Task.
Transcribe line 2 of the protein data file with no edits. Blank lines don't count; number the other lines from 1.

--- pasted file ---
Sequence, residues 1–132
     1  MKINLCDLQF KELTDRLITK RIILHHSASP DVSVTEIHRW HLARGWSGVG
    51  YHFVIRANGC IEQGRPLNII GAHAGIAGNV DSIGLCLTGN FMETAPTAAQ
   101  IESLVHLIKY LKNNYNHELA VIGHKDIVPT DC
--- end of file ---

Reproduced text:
     1  MKINLCDLQF KELTDRLITK RIILHHSASP DVSVTEIHRW HLARGWSGVG